This article throws light upon the three ways by which water enters into the soil. The ways are: 1. Infiltration 2. Percolation 3. Permeability.
Way # 1. Infiltration:
Infiltration refers to the downward entry or movement of water into the soil surface. Infiltration is affected by many factors. Infiltration is surface characteristic so primarily influenced by the condition of the surface of soil. A compact surface permits infiltration. Soil surface with vegetative cover have more infiltration rate than base soils.
Warm soils absorb more water than cold one. Coarse surface texture (sandy), granular structure and high organic matter content in surface soil, all help to increase infiltration (Fig. 4.7). Infiltration rate is comparatively lower in wet soils than dry soils.
Way # 2. Percolation:
The movement of water through a column of soil is called percolation. Percolation is important for two reasons. First, percolating water is the only source of recharge of ground water which can again be used through well for irrigation. Second, percolating waters carry plant nutrients down and often out of reach of plant roots (leaching). Percolation is dependent on rainfall.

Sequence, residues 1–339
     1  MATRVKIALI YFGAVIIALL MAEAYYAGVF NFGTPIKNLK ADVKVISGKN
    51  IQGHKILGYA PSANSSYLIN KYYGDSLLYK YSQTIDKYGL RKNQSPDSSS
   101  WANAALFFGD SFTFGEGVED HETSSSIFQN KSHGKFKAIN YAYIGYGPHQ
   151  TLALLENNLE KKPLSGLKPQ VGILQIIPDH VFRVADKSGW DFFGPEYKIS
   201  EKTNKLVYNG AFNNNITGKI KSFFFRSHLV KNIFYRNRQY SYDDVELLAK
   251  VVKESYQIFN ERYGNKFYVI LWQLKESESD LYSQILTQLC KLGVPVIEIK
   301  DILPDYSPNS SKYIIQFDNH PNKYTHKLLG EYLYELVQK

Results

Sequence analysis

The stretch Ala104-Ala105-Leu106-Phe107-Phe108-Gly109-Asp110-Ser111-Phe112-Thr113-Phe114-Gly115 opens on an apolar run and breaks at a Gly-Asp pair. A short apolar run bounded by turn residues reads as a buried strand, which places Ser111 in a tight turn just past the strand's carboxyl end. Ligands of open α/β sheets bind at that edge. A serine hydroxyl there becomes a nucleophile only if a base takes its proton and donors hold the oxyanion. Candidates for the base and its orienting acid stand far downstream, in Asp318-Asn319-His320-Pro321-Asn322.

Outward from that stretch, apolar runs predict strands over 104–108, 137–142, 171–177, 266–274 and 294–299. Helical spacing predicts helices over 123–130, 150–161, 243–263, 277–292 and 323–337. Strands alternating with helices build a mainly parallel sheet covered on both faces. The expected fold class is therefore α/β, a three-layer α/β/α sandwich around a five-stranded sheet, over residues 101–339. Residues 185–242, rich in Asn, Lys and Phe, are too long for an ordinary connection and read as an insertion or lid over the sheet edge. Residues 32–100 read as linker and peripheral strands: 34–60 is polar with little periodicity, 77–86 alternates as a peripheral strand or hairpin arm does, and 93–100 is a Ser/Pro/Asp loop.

In dry region, percolation is negligible but in region of high rainfall, percolation is usually high. Sandy soils permit greater percolation in comparison to clayey soils. Vegetation and high water table reduce the percolation losses.
Leaching Losses of Nutrients. Percolation losses of water are not harmful but the nutrients that are leached along with the percolation water are of serious consideration. Losses of calcium and magnesium are the greatest but phosphorus is lost by leaching in trace (very less).
Way # 3. Permeability:
Permeability indicates the relative ease of movement of water within the soil. The characteristics that determine how fast air and water move through the soil is known as permeability. The term hydraulic conductivity is also used which refers to the readiness with which a soil transmits fluids through it.
The permeability is basically dependent on the pore-size distribution in the soil. The larger the number of macrospores, the greater is the permeability. The pore size distribution is greatly determined by the extent of aggregation in the soil. The larger the aggregates, the greater is the amount of non-capillary (macro) pores.
The permeability of soil usually decreases with depth, as the sub-soil layers are more compact reduces the macro pores. More content of organic matter and vegetation increase permeability. Normally permeability decreases with increasing fine texture, but the extent of aggregation in fine-textured (clay) soils may override the effects of texture. If irrigation water is high in sodium content, it would cause dispersion of soil (soil becomes compact) and thus reduces permeability.
Like infiltration, the permeability can also be controlled to a large extent by suitable management practice. Continuous tillage reduces permeability, while the growth of deep- rooted grasses, legume and trees increases permeability.
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